Six word Saturday

Some tasty leftovers for Brian’s birthday?

And there’s blue in each square

Happy birthday, Brian!  Sorry I couldn’t get a cake there in time.  Just a few leftovers from the Azores.  Debbie and Becky both have interesting resting places today.  Funny how that happens sometimes?  Go and recline, and have a lovely weekend!

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Just a day on Pico

Clear, deep blue eyes in a tanned face, and dark hair, our guide for the day, Velomar Carváo, couldn’t be anything but an Azorean.  He was waiting for us at the little agency we found, by the waterfront at Horta, a gentle smile lighting those intelligent eyes.  We hadn’t known what to expect, but were treated to a personal tour of a very beautiful and beguiling island.  First stop, the ferry terminal, and a small inter-island ferry.

We went ‘up top’ and he went inside, and we basked in glorious sunshine.  Out in the bay we picked up the breeze and the boat bobbed and rolled, riding the waves triumphantly.  ‘Are you sailors?’ asked Velomar, as we disembarked.  There’s always a strong current between the islands.  We had kept our gaze firmly on the horizon, scanning for those still elusive whales.

Into a hire car, we swiftly left the little port of Madalena, and in seconds were among the vineyards.  Mile after mile of them, enclosed by lava walls.  Briefly we left the car to walk between them, as Velomar explained some of the history.  Out on the lava rocks, punished by the tides, we saw the grooves where the wine had been ‘barreled’ down from the vineyards, to the waiting boats, for shipment to neighbouring Faial and beyond.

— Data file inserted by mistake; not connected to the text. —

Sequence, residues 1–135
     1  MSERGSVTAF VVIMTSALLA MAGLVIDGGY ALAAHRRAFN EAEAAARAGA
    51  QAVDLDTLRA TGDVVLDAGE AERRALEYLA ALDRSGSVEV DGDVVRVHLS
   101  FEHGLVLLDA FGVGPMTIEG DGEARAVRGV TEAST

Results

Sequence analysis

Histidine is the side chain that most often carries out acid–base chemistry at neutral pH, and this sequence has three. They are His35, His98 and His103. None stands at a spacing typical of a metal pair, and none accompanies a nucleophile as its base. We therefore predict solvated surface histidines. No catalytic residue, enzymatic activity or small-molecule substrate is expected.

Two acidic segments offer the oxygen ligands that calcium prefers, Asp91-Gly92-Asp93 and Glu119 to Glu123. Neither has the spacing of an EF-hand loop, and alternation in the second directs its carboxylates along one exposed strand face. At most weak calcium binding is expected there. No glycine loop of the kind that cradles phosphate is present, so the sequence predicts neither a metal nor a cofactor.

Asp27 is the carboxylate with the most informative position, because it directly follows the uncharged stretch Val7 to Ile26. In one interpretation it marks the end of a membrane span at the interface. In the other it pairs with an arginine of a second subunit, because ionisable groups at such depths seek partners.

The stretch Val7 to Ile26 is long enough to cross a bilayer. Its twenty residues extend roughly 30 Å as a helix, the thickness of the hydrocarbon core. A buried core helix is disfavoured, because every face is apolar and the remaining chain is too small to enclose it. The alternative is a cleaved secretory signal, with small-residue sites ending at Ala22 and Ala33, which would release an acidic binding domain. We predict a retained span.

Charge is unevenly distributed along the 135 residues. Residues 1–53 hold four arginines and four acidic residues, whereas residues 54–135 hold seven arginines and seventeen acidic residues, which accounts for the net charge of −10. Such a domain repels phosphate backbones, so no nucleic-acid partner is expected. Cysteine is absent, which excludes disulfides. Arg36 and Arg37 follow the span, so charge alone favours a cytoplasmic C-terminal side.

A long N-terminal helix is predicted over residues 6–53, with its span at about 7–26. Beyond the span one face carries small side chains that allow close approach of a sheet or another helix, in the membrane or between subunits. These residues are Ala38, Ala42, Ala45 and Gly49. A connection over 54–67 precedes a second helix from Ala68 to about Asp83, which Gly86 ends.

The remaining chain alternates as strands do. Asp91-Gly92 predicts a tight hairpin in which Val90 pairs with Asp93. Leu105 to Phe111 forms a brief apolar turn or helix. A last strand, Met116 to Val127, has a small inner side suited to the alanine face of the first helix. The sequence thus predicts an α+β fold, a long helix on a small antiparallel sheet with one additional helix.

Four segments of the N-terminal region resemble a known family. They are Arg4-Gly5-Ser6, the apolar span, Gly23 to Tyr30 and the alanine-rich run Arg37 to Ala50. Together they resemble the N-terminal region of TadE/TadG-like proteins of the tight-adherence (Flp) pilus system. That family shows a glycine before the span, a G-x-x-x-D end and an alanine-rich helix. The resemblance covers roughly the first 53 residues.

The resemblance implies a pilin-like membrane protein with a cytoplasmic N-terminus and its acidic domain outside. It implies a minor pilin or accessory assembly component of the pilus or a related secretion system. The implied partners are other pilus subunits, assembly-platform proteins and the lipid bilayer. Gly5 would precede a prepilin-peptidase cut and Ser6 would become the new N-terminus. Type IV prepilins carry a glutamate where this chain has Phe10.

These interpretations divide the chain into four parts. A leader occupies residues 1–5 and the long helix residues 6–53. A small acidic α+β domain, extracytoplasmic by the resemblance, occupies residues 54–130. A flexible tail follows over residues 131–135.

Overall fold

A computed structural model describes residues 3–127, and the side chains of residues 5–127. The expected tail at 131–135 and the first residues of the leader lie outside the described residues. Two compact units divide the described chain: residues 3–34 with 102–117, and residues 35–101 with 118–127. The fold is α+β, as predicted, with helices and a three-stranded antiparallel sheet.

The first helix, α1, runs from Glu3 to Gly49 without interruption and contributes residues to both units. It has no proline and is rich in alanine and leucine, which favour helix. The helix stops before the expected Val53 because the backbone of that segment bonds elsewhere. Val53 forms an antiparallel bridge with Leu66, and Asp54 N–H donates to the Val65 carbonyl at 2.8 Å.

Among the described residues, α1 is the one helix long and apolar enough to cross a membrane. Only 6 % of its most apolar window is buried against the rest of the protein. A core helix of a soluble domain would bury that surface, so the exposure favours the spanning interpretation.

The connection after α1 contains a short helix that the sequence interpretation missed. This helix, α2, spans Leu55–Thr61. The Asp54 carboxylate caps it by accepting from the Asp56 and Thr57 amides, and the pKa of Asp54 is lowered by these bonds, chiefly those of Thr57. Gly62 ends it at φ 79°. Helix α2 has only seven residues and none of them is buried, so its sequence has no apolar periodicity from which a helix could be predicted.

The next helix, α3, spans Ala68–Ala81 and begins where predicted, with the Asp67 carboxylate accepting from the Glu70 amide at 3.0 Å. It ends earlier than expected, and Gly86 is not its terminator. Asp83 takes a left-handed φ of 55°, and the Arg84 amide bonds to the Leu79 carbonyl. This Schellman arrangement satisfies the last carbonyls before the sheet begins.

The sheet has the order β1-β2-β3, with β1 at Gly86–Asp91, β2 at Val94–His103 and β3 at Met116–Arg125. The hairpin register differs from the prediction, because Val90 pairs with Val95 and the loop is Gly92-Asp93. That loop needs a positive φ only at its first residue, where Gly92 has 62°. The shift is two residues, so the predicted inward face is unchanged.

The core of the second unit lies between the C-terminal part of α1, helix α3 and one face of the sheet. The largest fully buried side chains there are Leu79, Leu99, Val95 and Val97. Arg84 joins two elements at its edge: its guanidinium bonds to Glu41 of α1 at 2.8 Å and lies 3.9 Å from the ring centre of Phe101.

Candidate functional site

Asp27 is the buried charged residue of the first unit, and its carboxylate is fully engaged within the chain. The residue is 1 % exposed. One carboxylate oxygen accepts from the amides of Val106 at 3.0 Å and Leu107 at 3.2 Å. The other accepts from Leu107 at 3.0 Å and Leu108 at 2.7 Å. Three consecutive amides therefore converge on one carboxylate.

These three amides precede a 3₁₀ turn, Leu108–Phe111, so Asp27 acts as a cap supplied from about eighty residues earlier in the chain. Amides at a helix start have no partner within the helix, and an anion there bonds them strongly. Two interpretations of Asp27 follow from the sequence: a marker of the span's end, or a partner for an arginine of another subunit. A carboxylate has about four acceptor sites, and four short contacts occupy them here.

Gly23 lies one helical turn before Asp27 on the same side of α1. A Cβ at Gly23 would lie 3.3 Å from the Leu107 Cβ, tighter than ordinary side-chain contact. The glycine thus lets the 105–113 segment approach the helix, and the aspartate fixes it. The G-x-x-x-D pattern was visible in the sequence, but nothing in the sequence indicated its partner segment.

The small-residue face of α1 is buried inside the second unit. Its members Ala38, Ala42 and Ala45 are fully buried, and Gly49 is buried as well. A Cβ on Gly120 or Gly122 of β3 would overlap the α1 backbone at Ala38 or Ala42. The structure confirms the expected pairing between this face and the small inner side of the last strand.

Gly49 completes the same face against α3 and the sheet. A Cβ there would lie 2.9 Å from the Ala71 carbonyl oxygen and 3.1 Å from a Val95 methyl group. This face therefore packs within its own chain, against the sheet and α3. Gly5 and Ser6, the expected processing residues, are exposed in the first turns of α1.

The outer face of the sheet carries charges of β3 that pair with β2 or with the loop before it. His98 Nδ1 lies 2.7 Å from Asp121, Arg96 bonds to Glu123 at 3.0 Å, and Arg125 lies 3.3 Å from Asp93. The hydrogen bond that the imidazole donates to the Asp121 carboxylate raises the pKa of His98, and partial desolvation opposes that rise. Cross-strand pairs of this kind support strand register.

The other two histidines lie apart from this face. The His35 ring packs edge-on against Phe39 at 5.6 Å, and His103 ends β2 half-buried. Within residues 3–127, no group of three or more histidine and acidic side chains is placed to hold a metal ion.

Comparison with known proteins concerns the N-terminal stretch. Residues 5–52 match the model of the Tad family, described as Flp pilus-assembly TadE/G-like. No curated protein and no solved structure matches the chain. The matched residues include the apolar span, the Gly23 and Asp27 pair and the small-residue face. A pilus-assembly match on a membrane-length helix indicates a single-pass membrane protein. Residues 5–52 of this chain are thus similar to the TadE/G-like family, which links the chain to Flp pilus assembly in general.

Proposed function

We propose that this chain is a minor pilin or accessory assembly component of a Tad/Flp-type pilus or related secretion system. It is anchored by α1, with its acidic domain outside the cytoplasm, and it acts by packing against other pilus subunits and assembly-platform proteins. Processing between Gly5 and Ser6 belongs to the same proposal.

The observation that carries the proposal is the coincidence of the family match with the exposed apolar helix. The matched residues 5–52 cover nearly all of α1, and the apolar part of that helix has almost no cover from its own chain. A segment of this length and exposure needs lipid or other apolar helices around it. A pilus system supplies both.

The volcanic soil produces a very special wine, which we were to taste, later.  Pico is the second largest of the Azores, and there was much to see in just one day.  On our way to the next stop Velomar kept us richly entertained with the history and politics of the islands, emphasizing the rivalry between Pico and Faial, the latter having grown rich on the pickings and its situation as prime distributor.

We were to stop at the Sanctuary of Sáo Mateus.  Yet another church, I remember thinking, but you should never make judgements in advance.  The beautifully carved wood was unlike anything I have ever seen.  Bom Jesus Milagroso is worshipped by thousands of pilgrims from the islands.

We were now only a few kilometres from Lajes and a planned lunch stop at ‘O Lavrador’.  The views down to the bay should have been special, but the clouds had rolled in.  We consoled ourselves with silky soft island cheese, served with a piquant ‘molho’, and a vast buffet, washed down with island wine.  The grey skies seemed to fit the mood as we drove down into Lajes.  This was the main whaling station on the island, with a museum dedicated to those sad creatures.  For Velomar, whaling was a part of his family history, and he was proud of his grandfather, whose name appeared on the monument to whalers.  An article about the industry had been featured in National Geographic, with a photo of the grandfather for whom he had been named.  Much changed on the islands after the earthquake of 1920.  The ruins of many a family home still wait for the return of their owners, fled to Canada and Newfoundland to start a new life.

Inland, and up over the mountain, fresh and green, to the town of Sáo Roque on the north of the island.  Bathing platforms tempt the adventurous.